Blue Jays 2017 top prospects: #30, RHP Jordan Romano

Oct 4, 2015; St. Petersburg, FL, USA; Toronto Blue Jays hat and glove lay in the dugout against the Tampa Bay Rays at Tropicana Field. Mandatory Credit: Kim Klement-USA TODAY Sports
Oct 4, 2015; St. Petersburg, FL, USA; Toronto Blue Jays hat and glove lay in the dugout against the Tampa Bay Rays at Tropicana Field. Mandatory Credit: Kim Klement-USA TODAY Sports /

Blue Jays prospect Jordan Romano pitched well above expectations in 2016 as he returned from Tommy John surgery

Throughout the month of January, Jays Journal will be counting down our list of the top-30 Toronto Blue Jays’ prospects as voted on — and debated — by our writers.

The ranking process this season has clearly highlighted that the Blue Jays’ system, as a whole, has improved drastically over the past 12 months and recovered nicely from the 2015 trades. Several prospects took steps forward from 2015 to 2016 on the field, but still saw their ranking fall slightly due to the rise of talent around them.

Coming in at number 30 on the list is Markham, Ontario’s Jordan Romano, a right-handed pitcher who has shown signs of dominance in the lower-minors but also underwent Tommy John surgery in 2015.

Name: Jordan Romano
Position: RHP         Age: 23
Height: 6’4”    Age: 200 lbs.
Throws: Right            Bats: Right
Acquired: 2014 Draft, 10th round

Romano’s 2014 debut was all the Blue Jays could have asked for coming in as a 10th-round pick out of Oral Roberts University (Tulsa, Oklahoma). Pitching a short season between the Gulf Coast and Appalachian leagues, Romano held opponents to a 1.93 ERA and struck out 34 batters over 28 innings pitched.

In March of 2015, however, Romano tore his UCL and the all-too-common elbow surgery soon followed. He rehabbed, dropped off the prospect radar for over over a year, and then returned with a bang on June 13th this season.

Starting for the Lansing Lugnuts, Romano pitched seven innings on 81 pitches in his first game back, allowing just one run on two hits while striking out seven. The rest of the season followed the same tune.

Provided by View Original Table

Romano carried a 2.11 ERA through 15 games for the Lugnuts and pitched 72.2 innings without any significant setbacks along the way.

On July 14th against Peoria, Romano and reliever Josh DeGraaf combined to pitch a six-inning no-hitter (the game was part of a double-header, making it a seven-inning game).

The righty handled batters from both sides of the plate very well, too, holding left-handed hitters to a .526 OPS and right-handers to .593 OPS.

“His work habits and his competitiveness and his athleticism really developed in the year (he spent recovering from Tommy John surgery),” Gil Kim, the Blue Jays player development director, told Shi Davidi in September. “He’s got a very live arm and a good breaking ball.”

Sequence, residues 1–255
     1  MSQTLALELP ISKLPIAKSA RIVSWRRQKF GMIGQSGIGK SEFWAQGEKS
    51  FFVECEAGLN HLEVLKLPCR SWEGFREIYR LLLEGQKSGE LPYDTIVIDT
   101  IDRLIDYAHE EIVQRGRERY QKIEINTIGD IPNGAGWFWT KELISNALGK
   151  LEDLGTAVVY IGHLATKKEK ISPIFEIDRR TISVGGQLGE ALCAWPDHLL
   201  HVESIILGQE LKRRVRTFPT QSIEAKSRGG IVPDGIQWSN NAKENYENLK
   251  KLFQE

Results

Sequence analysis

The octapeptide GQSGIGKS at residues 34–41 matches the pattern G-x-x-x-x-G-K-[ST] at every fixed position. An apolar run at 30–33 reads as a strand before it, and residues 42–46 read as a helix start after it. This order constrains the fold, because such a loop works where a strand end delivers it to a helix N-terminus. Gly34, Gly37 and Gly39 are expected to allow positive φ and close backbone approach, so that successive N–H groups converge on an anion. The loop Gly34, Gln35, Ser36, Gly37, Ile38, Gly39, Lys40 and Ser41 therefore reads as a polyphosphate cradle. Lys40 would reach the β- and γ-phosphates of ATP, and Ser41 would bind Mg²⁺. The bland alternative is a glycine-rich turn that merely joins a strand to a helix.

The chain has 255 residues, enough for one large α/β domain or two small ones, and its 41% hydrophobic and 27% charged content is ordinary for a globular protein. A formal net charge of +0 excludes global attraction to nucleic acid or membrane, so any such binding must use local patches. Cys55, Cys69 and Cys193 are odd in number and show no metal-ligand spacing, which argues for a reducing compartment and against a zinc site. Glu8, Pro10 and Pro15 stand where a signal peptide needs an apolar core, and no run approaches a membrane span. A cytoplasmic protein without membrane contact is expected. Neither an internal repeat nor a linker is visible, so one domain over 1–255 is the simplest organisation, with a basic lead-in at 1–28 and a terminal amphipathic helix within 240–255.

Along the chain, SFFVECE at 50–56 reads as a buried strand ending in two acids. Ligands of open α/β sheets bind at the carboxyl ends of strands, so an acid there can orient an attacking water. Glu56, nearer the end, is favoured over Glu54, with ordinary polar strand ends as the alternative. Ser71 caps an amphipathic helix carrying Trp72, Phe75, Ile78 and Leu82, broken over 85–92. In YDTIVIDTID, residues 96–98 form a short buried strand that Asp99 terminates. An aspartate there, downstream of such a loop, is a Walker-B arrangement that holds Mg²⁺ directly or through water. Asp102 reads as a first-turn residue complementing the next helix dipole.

That curveball does have the potential to be a legitimate asset for Romano, but his fastball can reach up to touch the mid-90s and produces swings-and-misses itself.

His fastball stands out for having a high spin rate,” said Baseball America’s John Manuel, “giving it late life through the strike zone and good finish.”

Working that fastball back to a consistent velocity will be a key for Romano moving forward, but he did show some noteworthy growth in that are between the time he was drafted and his injury. The stronger his fastball gets, the more effective that curveball will be.

Romano certainly fits the build of an Alex Anthopoulos pitcher at six-foot-four, 200 pounds, and he isn’t lacking athleticism. His downward plane could allow him to find weak contact if he’s hitting his spots and exaggerate the deception on his off-speed pitches.

Expect the Blue Jays to proceed with caution when it comes to Romano, but with a successful return and 70+ innings already under his belt, he’ll control his own destiny with his success on the mound.

One thing that might benefit Romano is the rise of the pitching prospects you’ll be seeing in the top-20 of this list, many of whom will be moving from the single-A and high-A levels up towards double-A at some point in the season. This will trickle down to give opportunities to arms from the “next wave”, which Romano is a part of.

Next: Inside the upside of Gavin Floyd and his curveball

If Romano is able to keep his control stabilized (a common issue for pitchers following Tommy John) and further develop his secondary pitches, it’s conceivable that his 2017 season could mirror the 2016 of fellow pitching prospect Francisco Rios, who opened with a brief stint in Lansing before moving to Dunedin for the majority of the year and finishing with 120.2 innings pitched (a number that may still be just above Romano’s expected ceiling).

Were it not for the missed time, Romano would rank slightly higher, and he does still have the potential to be a fast riser for the Jays.